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  13. No (New) Troubles with Ockhamism.Garrett Pendergraft & D. Justin Coates - 2014 - Oxford Studies in Philosophy of Religion 5:185-208.
    The Ockhamist claims that our ability to do otherwise is not endangered by God’s foreknowledge because facts about God’s past beliefs regarding future contingents are soft facts about the past—i.e., temporally relational facts that depend in some sense on what happens in the future. But if our freedom, given God’s foreknowledge, requires altering some fact about the past that is clearly a hard fact, then Ockhamism fails even if facts about God’s past beliefs are soft. Recent opponents of Ockhamism, including (...)
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  14. Free Will, Moral Responsibility, and Mechanism: Experiments on Folk Intuitions.Eddy Nahmias, D. Justin Coates & Trevor Kvaran - 2007 - Midwest Studies in Philosophy 31 (1):214–242.
    In this paper we discuss studies that show that most people do not find determinism to be incompatible with free will and moral responsibility if determinism is described in a way that does not suggest mechanistic reductionism. However, if determinism is described in a way that suggests reductionism, that leads people to interpret it as threatening to free will and responsibility. We discuss the implications of these results for the philosophical debates about free will, moral responsibility, and determinism.
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  15. The Ethics of Blame: A Primer.D. Justin Coates - 2020 - In Gerhard Ernst & Sebastian Schmidt (eds.), The Ethics of Belief and Beyond. Understanding Mental Normativity. Abingdon: Routledge. pp. 192-214.
    It is widely held that if an agent is not morally responsible for her action – i.e., if she is not deserving of blame – then we have a (decisive) reason to refrain from blaming her. But though this is true, the fact that someone is deserving of blame isn’t clearly sufficient for there to be most allthings- considered reason for blaming that person. Other considerations bear on this question as well. Coates offers an account of some of these (...)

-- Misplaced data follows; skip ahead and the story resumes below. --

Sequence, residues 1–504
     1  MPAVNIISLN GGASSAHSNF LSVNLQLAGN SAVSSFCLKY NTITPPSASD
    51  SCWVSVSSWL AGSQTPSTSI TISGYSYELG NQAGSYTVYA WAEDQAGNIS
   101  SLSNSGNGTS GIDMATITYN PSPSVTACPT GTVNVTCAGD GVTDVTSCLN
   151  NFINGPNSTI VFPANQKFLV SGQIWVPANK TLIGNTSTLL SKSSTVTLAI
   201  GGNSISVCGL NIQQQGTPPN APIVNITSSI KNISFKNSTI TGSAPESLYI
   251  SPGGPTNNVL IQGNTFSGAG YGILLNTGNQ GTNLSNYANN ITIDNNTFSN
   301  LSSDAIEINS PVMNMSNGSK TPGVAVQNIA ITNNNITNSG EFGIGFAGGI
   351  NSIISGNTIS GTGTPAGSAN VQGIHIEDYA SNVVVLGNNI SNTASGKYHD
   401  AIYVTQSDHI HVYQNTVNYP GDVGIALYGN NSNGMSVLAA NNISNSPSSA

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  16.  38
    A Wholehearted Defense of Ambivalence.D. Justin Coates - 2017 - The Journal of Ethics 21 (4):419-444.
    Despite widespread agreement that ambivalence precludes agency “at its best,” in this paper I argue that ambivalence as such is no threat to one’s agency. In particular, against “unificationists” like Harry Frankfurt I argue that failing to be fully integrated as an agent, lacking purity of heart, or being less than wholehearted in one’s choices, tells us nothing about whether an agent’s will is properly functioning. Moreover, it will turn out that in many common circumstances, wholeheartedness with respect to some (...)
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  17.  59
    Strawson’s Modest Transcendental Argument.D. Justin Coates - 2017 - British Journal for the History of Philosophy 25 (4):799-822.
    Although Peter Strawson’s ‘Freedom and Resentment’ was published over fifty years ago and has been widely discussed, its main argument is still notoriously difficult to pin down. The most common – but in my view, mistaken – interpretation of Strawson’s argument takes him to be providing a ‘relentlessly’ naturalistic framework for our responsibility practices. To rectify this mistake, I offer an alternative interpretation of Strawson’s argument. As I see it, rather than offering a relentlessly naturalistic framework for moral responsibility, Strawson (...)
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  18. Being More Blameworthy.D. Justin Coates - 2019 - American Philosophical Quarterly 56 (3):233-246.
    In this paper I explore graded attributions of blameworthiness—that is, judgments of the general sort, "A is more blameworthy for x-ing than B is," or "A is less blameworthy for her character than B is." In so doing, I aim to provide a philosophical basis for the widespread, if not completely articulate, practice of altering the degree to which we hold others responsible on the basis of facts about them or facts about their environments. To vindicate this practice, I disambiguate (...)
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  19.  61
    Hard Incompatibilism and the Participant Attitude.D. Justin Coates - 2019 - Canadian Journal of Philosophy 49 (2):208-229.